Johnson Weree is a refugee from Liberia; he has been living in Rotterdam for 10 years, but is currently homeless. In a community library, Weree spends all day drawing weird and wonderful otherworldly portraits of imagined subjects; unusual heads resting on colourful, lively busts.
As a child in Liberia, Weree salvaged discarded materials for his creations using battery fluid for paint and scrap wood as a canvas. Today, utilising colour in a way he was previously unable, he works with ballpoint pens, gels, paints and pastels.
The surreal subjects of Weree’s paintings glare from the paper, with piercing eyes, unusual hair partings – thin lips tightly sealed underneath unusual noses, reminiscent of teddybears or even man’s best friend.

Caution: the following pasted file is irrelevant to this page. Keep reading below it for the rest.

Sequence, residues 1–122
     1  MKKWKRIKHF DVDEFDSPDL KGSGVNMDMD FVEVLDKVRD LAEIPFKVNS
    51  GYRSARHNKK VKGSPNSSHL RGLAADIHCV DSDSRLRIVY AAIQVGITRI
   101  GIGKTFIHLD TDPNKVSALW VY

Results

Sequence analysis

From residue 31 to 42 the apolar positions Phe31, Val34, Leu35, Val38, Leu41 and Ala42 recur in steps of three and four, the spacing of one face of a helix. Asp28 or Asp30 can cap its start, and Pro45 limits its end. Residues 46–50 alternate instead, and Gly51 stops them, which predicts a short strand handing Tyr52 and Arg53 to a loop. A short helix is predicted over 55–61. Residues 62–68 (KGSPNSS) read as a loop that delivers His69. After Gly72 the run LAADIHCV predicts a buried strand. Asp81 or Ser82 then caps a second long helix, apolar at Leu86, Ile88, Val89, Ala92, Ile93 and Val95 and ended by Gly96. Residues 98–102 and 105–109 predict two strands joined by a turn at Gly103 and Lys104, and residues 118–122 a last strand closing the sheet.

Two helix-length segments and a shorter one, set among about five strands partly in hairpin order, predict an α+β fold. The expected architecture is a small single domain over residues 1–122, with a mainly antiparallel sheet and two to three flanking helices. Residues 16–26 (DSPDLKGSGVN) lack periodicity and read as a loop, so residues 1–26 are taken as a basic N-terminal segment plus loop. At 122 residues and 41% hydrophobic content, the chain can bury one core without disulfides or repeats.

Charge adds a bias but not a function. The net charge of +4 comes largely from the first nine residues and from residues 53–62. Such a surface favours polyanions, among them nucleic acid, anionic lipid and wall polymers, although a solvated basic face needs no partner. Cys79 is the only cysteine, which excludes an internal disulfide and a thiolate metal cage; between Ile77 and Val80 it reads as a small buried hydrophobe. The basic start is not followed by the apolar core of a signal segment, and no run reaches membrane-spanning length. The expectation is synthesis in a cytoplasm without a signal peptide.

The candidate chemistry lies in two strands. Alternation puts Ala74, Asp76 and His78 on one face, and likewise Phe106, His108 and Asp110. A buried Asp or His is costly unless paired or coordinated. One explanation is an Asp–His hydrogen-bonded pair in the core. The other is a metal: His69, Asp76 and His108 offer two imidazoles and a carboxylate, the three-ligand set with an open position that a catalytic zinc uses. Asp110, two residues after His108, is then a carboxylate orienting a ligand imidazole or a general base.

While men’s hairlines recede, the women boast bright blushed cheeks and unusual multi-coloured eyeshadow. You might even catch a glimpse of a figure within a figure, emerging from a buttonhole, or taking the place of someone’s shirt pocket.
An exhibition of his work is on now at The Gallery of Everything in London, which aims to help get him off the streets.